Today I’d like to talk about Jesus’ twelve disciples. Matthew catalogs their names in the Gospel lesson I just read; it is a list of some famous names and some obscure names and one notorious name. The caveat here is that we know many other people followed Jesus besides these twelve men, including an undefined but certainly large group of women, some of whom financed Jesus’ operation. A few of their names are recorded in the story of Jesus’ crucifixion; indeed, they remained stalwart in the face of danger when most of the twelve fled. Would that we had more of their stories recorded for posterity.
What the Gospel writer Matthew chooses to record is the names of twelve men, who formed something on an inner circle. Reflecting on their roles in the Jesus Movement as recorded in the Gospel gives us models for our own roles in that same movement. Matthew lists the disciples as “Simon, also known as Peter, and his brother Andrew; James son of Zebedee, and his brother John; Philip and Bartholomew; Thomas and Matthew the tax collector; James son of Alphaeus, and Thaddaeus; Simon the Cananaean, and Judas Iscariot, the one who betrayed him.”Continue reading “The Twelve”→
Sermon for Sunday, June 11, 2017 || Trinity Sunday, Year A
If you look to the back of the church, you’ll notice we have a window missing right now. The good folks at Cathedral Stained Glass in New London are currently restoring our Trinity window, which has deteriorated over the years to the point where it could have shattered during a blustery storm. Today is not the most opportune Sunday of the church year to be lacking the Trinity window. Today is, after all, Trinity Sunday, and in years past I’ve enjoyed directing your attention to the window at the beginning of my sermons on this particular day. I can’t do that today. Instead, I can only direct your attention to the lack of the Trinity window.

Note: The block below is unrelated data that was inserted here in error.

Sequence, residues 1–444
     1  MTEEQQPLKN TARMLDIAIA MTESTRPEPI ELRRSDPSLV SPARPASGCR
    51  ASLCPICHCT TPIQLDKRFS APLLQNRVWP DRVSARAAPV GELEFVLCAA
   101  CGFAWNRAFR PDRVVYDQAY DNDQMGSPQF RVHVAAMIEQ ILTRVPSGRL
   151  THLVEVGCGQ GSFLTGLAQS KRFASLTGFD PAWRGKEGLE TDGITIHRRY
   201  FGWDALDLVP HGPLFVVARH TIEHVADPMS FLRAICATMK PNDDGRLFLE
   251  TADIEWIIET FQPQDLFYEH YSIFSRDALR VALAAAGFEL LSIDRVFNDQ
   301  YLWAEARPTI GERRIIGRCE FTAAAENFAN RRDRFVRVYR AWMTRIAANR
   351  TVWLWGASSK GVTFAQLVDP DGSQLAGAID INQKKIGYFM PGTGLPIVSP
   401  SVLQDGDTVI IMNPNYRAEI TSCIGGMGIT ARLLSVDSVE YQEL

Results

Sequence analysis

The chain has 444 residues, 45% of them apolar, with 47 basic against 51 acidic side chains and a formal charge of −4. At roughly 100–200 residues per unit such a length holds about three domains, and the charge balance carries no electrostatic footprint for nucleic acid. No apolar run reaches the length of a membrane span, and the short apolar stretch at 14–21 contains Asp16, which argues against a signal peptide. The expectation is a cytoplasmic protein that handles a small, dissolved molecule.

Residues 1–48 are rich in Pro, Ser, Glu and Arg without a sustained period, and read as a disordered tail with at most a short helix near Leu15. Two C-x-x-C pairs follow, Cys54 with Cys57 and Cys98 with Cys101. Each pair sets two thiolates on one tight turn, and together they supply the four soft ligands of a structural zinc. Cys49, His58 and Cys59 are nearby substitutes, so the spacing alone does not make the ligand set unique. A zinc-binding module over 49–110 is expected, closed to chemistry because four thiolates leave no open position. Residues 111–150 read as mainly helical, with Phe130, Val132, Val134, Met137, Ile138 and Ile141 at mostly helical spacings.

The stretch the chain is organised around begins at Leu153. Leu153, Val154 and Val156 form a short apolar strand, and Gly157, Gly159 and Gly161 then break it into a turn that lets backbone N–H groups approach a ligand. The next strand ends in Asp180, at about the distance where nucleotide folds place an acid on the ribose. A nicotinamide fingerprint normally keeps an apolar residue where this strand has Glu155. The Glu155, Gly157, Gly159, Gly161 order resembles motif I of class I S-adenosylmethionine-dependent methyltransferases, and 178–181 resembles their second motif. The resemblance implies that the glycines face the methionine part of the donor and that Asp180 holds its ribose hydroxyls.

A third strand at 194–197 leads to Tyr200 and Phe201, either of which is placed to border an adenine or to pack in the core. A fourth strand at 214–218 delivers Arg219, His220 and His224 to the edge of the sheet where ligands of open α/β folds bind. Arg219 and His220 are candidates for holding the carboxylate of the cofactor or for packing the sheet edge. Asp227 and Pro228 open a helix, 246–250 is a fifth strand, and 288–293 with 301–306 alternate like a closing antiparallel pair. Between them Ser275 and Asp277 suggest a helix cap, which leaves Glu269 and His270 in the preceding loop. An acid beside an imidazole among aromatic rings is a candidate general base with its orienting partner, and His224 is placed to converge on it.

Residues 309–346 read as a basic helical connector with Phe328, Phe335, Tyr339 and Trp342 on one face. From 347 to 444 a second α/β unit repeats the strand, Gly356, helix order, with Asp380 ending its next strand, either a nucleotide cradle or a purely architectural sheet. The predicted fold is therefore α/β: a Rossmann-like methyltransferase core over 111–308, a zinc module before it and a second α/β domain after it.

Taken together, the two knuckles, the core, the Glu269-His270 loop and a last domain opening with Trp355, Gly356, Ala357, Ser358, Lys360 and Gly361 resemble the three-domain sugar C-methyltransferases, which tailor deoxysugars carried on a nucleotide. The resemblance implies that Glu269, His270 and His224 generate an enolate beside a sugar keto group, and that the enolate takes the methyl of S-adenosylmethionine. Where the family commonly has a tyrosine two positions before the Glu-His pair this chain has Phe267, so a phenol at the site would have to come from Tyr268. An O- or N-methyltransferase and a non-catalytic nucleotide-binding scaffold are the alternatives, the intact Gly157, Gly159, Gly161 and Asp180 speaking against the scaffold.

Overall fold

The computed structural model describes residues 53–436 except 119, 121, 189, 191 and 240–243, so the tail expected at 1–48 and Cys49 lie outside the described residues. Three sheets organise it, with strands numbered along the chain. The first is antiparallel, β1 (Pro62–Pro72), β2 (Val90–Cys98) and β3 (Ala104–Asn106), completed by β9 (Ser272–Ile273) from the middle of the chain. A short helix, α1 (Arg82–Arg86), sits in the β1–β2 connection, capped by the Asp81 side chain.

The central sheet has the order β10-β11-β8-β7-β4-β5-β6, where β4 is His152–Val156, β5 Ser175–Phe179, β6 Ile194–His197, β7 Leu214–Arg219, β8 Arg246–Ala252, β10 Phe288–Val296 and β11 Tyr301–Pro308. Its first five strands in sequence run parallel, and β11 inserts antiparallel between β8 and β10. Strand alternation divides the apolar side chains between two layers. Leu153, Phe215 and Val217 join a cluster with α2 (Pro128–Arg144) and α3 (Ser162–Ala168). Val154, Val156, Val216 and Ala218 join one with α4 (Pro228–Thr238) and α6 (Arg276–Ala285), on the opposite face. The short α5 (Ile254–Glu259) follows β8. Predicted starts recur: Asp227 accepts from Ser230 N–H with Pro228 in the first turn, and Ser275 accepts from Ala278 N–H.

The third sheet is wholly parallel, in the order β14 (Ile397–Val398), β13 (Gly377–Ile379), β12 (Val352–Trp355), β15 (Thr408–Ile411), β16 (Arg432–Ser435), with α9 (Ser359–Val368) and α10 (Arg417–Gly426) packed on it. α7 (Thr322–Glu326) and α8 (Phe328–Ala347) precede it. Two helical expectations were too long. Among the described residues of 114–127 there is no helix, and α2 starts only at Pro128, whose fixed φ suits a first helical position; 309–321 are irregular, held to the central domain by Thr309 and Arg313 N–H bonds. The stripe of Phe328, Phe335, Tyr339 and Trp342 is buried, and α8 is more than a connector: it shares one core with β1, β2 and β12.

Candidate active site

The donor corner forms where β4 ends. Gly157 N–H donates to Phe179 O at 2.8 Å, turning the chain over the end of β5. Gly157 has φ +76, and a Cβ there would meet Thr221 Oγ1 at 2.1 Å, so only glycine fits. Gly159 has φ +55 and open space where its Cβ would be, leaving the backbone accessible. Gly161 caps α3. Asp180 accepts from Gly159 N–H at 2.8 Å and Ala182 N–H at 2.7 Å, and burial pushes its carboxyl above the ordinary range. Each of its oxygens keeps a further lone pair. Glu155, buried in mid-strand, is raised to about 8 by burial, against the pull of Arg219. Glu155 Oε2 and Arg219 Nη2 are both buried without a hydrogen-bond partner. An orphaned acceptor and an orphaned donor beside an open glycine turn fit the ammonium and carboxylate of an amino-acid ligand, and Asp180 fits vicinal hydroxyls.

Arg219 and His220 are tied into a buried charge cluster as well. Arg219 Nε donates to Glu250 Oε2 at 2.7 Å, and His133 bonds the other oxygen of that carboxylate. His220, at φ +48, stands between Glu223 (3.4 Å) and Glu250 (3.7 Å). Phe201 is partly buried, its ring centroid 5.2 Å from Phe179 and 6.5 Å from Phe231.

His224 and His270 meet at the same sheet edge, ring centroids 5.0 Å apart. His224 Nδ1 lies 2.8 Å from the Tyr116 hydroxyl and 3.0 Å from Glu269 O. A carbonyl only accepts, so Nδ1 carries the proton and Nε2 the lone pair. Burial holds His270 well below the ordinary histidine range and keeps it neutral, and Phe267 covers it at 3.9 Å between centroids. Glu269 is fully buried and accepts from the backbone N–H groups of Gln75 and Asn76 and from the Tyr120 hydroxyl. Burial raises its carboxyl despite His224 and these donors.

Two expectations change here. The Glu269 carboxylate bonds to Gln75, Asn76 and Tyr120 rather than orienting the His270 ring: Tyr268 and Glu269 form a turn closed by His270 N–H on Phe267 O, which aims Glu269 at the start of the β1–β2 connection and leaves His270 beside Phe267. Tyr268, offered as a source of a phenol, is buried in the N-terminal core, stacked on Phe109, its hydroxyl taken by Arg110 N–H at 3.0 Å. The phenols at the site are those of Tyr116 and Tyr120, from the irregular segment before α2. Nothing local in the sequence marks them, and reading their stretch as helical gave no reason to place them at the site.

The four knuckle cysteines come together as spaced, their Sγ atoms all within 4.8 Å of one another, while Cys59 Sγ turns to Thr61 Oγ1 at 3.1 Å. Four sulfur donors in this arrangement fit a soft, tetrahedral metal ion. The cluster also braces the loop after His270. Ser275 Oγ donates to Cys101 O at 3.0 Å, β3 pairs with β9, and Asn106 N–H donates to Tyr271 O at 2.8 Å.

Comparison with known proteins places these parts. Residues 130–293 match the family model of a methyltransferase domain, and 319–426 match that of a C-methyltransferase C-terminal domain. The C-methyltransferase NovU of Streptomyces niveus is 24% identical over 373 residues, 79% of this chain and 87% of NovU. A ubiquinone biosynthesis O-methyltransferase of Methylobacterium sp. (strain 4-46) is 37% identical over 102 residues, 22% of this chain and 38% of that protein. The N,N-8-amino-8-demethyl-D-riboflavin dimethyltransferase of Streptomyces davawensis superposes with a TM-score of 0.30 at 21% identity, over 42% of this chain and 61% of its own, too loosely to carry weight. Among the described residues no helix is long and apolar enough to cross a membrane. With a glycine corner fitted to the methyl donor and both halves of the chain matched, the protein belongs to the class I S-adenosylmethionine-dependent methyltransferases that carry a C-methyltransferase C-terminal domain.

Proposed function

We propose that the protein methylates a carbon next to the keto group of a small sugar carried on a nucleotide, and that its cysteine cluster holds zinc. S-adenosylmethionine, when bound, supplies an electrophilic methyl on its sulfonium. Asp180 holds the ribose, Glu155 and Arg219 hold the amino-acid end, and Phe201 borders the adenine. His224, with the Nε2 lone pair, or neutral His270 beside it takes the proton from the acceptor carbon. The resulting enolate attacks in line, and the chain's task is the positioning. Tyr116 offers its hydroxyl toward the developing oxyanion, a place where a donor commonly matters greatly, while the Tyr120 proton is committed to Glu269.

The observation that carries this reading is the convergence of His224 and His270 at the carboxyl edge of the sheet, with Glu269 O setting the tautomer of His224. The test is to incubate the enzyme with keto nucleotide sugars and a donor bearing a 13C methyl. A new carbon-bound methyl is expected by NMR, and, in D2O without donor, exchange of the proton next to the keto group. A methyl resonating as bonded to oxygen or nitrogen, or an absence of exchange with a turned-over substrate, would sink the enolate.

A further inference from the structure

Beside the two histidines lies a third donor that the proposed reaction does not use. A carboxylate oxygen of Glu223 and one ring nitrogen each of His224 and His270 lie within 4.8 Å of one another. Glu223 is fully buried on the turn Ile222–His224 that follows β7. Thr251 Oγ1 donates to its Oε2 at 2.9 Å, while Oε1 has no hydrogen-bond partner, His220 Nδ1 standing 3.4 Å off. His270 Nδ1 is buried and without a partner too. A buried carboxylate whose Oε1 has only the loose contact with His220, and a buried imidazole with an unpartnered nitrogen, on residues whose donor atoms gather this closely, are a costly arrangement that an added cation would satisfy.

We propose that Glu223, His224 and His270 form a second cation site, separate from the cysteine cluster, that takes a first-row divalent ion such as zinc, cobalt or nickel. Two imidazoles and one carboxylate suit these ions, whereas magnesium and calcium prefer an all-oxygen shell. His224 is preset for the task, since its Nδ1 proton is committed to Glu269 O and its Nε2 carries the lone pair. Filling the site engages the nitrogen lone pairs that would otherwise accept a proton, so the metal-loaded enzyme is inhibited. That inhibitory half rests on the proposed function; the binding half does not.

But such a lack of the window stirs up some new thoughts; specifically the following question: Who would we be without the mystery and revelation of God as Trinity of Persons and Unity of Being? This question jumps to mind because, in recent years, many faithful Christians have wondered if we really need the encumbrance of the Trinitarian notion of God. Isn’t it just unnecessary baggage weighing down an already weighty topic, they argue. With fewer and fewer people finding God in the Christian church in the United States, wouldn’t it make sense to streamline our beliefs a little bit, make them easier to apprehend?Continue reading “Diversity Without Division, Unity Without Uniformity”→
Pentecost and Youth Sunday combined at St. Mark’s, and we had a graduating senior give the homily, so no sermon from me today. Instead, here’s an article about the season following Pentecost. It is an update to a piece I wrote many years ago for Episcopal Cafe.
Every February of my college years, the entire student body suffered from a mass case of seasonal affective disorder. The campus of Sewanee is one of the top five most beautiful spots on the planet, but the beauty of the Domain was difficult to appreciate during that dreadful month. What neophytes mistook for simple fog, veterans of Sewanee winters knew was in reality a low-hanging raincloud that hovered over the campus, sapping students of the will to do anything besides curl up under a blanket and nap. The weather lasted for weeks, and when the sun finally broke through the clinging barrier, we students discovered our vigor once again, as if by some sudden leap in evolution, we had developed the ability to photosynthesize. Continue reading “Green and Growing”→